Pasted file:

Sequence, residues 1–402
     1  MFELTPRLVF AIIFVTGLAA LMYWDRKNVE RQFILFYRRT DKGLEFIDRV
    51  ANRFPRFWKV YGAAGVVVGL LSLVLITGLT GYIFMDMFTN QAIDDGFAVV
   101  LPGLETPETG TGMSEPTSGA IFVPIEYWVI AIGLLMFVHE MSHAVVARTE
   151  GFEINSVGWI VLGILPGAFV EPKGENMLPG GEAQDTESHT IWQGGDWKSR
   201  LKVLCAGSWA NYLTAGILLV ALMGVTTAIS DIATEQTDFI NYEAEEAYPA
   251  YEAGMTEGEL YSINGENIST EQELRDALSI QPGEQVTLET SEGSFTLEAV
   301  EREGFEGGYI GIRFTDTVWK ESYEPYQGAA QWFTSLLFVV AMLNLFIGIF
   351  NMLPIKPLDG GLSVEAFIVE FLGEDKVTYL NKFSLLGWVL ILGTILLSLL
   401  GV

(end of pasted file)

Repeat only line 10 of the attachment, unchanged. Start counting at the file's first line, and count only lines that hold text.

   401  GV